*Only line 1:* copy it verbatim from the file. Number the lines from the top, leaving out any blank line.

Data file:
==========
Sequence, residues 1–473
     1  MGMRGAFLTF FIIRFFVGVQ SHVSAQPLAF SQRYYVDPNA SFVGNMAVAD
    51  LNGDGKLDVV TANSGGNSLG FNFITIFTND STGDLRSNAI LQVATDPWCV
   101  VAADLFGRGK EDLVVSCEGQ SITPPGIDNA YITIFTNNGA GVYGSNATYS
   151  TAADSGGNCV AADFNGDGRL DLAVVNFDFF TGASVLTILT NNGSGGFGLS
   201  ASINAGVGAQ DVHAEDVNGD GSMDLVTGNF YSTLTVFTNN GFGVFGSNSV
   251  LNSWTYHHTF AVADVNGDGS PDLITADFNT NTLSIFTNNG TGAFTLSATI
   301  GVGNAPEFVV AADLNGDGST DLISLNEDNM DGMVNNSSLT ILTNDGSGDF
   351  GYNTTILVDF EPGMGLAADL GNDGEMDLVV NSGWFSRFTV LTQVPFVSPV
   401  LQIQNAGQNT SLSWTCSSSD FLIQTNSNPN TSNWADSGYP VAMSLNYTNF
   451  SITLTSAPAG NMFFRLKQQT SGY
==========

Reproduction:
Sequence, residues 1–473